New Jersey Butterflies

Ocola Skipper

Panoquina ocola

Identification: Very small—FW ≥0.6", with long, narrow wings typical of the genus. Sexes similar. Above: FW brown with several white spots, the largest of which is arrowhead-shaped. These spots are usually larger in the female. HW unmarked brown with center somewhat paler. Below: FW and HW brown with noticeably paler veins, a violet sheen when fresh, and a variably distinct or obscure band of tiny spots across HW. Narrow FW extends well beyond HW. Alternate dark and pale stripes along length of abdomen. Similar skippers: Salt Marsh Skipper has a similar shape and profile but is paler and has a pronounced short white streak on HW.

NJ Status and Distribution: Immigrant. A variously very rare to uncommon visitor from the southern states.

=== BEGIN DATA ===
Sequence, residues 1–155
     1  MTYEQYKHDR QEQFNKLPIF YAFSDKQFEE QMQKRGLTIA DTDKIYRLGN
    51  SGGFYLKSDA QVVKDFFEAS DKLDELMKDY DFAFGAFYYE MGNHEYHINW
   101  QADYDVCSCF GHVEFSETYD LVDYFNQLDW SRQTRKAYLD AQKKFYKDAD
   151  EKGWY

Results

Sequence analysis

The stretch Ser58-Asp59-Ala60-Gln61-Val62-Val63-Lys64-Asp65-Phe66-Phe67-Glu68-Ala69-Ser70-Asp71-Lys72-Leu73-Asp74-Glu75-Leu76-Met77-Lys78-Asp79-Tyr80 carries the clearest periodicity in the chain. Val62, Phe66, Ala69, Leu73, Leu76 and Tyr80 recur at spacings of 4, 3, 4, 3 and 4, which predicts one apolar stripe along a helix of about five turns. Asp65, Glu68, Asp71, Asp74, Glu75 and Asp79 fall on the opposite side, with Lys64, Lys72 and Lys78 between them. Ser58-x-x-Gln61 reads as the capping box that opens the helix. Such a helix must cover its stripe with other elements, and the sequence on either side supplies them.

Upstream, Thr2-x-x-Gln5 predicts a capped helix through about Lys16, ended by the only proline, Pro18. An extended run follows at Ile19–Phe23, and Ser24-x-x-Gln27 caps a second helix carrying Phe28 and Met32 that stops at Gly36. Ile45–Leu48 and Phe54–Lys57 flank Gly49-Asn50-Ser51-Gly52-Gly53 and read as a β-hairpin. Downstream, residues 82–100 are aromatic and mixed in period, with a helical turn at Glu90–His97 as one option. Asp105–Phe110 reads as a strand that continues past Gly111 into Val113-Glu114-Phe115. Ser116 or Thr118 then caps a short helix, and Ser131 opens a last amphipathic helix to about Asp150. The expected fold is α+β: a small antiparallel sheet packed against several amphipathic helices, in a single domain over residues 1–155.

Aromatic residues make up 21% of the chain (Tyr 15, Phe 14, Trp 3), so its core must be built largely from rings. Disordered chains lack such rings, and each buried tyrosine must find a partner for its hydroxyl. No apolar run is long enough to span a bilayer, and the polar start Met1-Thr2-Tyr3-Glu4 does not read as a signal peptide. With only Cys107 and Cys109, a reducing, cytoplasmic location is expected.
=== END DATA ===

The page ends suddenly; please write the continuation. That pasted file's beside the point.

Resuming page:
NJ Range Map-Ocola Skipper

Habitat: Many open areas both wet and dry. Most often reported from gardens.

Flight Period: Most observations are from August to October. Extreme dates: North Jersey 8/6-10/28; South Jersey 6/24—11/16.

Larval Food Plants: Wetland grasses.

Overwintering Stage: Does not overwinter in NJ.

Best Locations: Flower gardens around Cape May Point.

Comments: Unusual for a southern species in that some years more are reported in northwestern NJ than in the southern counties. At least 1 Ocola Skipper was seen in the same residential garden in Sussex County in 7 years between 1995 and 2005. Most individuals were found on Butterfly Bush, although many other flowers were present. Interestingly, all but one individual was judged to be very fresh or fresh.

Ocola Skipper

Dennis Twp., Cape May Co., NJ, 9/11/12, on Tropical Milkweed.

Ocola Skipper

Rio Grande Valley, TX, 10/30/10, on Eupatorium.

Ocola Skipper

Big Cypress NP, FL, 1/23/08.